Wednesday, May 03, 2006




From The New York Times : Building on a winter campaign of suicide bombings and assassinations and the knowledge that American troops are leaving, the (Taleban) appear to be moving their insurgency into a new phase, flooding the rural areas of southern Afghanistan with weapons and men.

Each spring with the arrival of warmer weather, the fighting season here starts up, but the scale of the militants' presence and their sheer brazenness have alarmed Afghans and foreign officials far more than in previous years.

American forces are being told that Taleban and Al Qaeda forces are "everywhere" when the US and the UK troops are not around.

The Afghanistan War is reaching yet another critical stage. US troops are pulling out of southern Afghanistan in the months ahead, with NATO peacekeepers, including some 3000 Brits, scheduled to take over patrol duties.

But NATO forces won't fight the insurgents, or so the story goes. This delights the Taleban and Al Qaeda fighters, and terrifies the local Afghanis.

According to The New York Times : Insurgents....have the run of parts of Zabul, Ghazni and Paktika Provinces to the southeast, and have increased ambushes on the main Kabul-Kandahar highway.

The Bush administration is alarmed, according to a Western intelligence official close to the administration. He said that while senior members of the administration consider the situation in Iraq to be not as bad as portrayed in the press, in Afghanistan the situation is worse than it has been generally portrayed.

Asked about the surge in Taleban activity in southern Afghanistan, a Pentagon spokesman, Bryan Whitman, said: 'We have seen Taliban activity fluctuate from time to time.'

The British-led NATO force taking over from the American troops in the south "'has well-equipped, well-led and fully prepared forces to operate in this challenging environment and deal with any threats," he added.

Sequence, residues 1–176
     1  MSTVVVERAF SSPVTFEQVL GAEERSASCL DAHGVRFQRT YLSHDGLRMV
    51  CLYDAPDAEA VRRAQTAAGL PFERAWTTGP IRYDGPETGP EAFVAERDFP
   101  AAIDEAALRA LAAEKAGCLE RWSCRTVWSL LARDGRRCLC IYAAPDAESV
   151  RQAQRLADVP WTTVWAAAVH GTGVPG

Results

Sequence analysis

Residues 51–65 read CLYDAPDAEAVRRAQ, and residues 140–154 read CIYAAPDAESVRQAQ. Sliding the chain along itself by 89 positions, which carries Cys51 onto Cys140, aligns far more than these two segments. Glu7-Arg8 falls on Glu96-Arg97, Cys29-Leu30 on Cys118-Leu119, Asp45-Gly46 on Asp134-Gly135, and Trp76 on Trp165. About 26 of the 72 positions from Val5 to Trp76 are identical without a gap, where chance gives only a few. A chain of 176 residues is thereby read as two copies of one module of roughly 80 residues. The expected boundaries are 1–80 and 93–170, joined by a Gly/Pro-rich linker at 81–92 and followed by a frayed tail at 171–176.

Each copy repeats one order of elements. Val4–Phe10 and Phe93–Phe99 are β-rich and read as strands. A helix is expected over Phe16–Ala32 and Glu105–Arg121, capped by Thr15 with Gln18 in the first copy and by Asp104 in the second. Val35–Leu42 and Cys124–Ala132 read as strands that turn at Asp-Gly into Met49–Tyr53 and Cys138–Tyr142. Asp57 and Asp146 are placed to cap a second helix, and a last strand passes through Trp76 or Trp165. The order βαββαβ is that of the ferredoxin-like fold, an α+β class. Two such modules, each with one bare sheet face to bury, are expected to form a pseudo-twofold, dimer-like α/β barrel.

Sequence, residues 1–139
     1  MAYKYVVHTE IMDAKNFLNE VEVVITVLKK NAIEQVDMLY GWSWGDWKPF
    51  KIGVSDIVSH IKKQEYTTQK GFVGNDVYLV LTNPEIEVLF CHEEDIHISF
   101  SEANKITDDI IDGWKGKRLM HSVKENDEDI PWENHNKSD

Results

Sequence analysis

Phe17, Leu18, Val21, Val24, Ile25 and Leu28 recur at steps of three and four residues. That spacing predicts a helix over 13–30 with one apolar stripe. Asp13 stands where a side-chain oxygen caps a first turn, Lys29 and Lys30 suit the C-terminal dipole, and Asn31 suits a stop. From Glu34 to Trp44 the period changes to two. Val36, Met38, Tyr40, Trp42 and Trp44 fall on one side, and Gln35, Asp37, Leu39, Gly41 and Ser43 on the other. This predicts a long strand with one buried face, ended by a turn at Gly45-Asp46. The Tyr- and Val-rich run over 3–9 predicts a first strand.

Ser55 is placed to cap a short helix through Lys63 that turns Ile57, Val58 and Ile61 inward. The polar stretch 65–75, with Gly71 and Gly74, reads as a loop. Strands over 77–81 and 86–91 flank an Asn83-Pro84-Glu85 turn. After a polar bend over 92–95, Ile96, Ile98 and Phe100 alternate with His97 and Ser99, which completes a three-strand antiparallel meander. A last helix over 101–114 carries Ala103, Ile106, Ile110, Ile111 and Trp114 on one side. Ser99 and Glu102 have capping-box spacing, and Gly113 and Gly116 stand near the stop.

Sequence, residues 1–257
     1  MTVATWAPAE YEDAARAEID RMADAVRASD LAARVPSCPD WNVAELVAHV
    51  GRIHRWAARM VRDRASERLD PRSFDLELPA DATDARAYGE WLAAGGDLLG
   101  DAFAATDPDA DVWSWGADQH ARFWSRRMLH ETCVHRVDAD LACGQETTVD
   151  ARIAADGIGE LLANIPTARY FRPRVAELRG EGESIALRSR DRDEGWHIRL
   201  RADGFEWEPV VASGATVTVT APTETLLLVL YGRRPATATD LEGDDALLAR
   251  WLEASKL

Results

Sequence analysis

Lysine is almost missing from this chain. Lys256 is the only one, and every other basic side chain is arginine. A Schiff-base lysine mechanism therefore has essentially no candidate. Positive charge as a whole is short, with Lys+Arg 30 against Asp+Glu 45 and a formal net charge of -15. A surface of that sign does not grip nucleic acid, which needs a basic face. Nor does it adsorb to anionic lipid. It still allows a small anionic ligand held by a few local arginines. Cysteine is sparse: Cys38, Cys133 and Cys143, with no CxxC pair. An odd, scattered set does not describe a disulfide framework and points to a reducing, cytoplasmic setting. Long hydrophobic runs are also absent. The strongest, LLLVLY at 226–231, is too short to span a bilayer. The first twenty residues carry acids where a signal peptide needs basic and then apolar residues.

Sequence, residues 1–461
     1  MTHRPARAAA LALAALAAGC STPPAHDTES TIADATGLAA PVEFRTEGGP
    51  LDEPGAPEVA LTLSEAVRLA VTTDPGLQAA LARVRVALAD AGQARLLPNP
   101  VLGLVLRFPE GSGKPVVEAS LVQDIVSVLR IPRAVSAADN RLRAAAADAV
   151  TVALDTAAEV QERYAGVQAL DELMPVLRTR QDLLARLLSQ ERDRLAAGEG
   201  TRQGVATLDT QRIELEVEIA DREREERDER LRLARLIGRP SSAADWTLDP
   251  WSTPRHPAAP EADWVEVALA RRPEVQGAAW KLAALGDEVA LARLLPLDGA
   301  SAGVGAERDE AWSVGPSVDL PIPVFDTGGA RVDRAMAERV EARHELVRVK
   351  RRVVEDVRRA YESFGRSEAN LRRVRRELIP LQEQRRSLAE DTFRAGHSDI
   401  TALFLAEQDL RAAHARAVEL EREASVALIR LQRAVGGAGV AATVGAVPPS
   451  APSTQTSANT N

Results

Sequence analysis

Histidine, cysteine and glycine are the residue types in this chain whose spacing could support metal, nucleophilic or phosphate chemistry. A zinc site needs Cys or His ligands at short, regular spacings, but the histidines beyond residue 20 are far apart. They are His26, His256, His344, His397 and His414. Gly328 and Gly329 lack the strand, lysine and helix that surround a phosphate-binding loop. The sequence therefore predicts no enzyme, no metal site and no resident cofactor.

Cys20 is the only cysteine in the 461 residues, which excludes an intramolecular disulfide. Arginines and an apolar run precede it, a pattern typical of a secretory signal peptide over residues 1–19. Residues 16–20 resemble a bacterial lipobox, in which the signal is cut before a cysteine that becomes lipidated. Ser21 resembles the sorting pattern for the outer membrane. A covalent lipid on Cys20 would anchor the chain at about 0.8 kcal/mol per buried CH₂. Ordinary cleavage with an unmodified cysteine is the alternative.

In some of the larger provinces of Afghanistan, growing poppies generates 50% of the local income and most of the work for the population. Growing poppies, illegally, is the only way the majority can earn money and therefore get food and the essentials for survival.

The British troops are widely seen as being responsible for poppy eradication, and because of this the Taleban are finding support amongst poppy farmers and the communities they support.
The Taleban are being viewed as the defenders of Afghan farmers.

It is no secret that past efforts to wipe out poppy farming on a grand scale has fuelled the Afghanistan insurgency.

One option open to the coalition is to legalise poppy cultivation for the making of painkillers such as morphine. For the moment, India and Australia supply much of the world's opium for this kind of production. Would Tasmanian poppy farmers see competition from Afghan poppy farmers as a major threat to their livelihoods?

It's hard to tell. Poppy farming in Australia is one of the most secretive of farming industries down under. Most Australians are not even aware that Tasmania supplies so much of the world's legal opium for the manufacture of morphine.

Meanwhile, the heavy fighting continues. In the Helmand province, more than 20 Taleban fighters were killed in a brutal confronation with Canadian troops last weekend. The militants were said to be in final preparations for a military ambush.


The UK is now asking India to send more troops into the country. India has been told they must do this now. India was already planning to deploy more para-military forces, but this apparently is not enough of a commitment.

Tony Blair's government has told India it has responsibilities in Afghanistan to make sure the country becomes more secure, particularly due to India's "substantial strategic interests".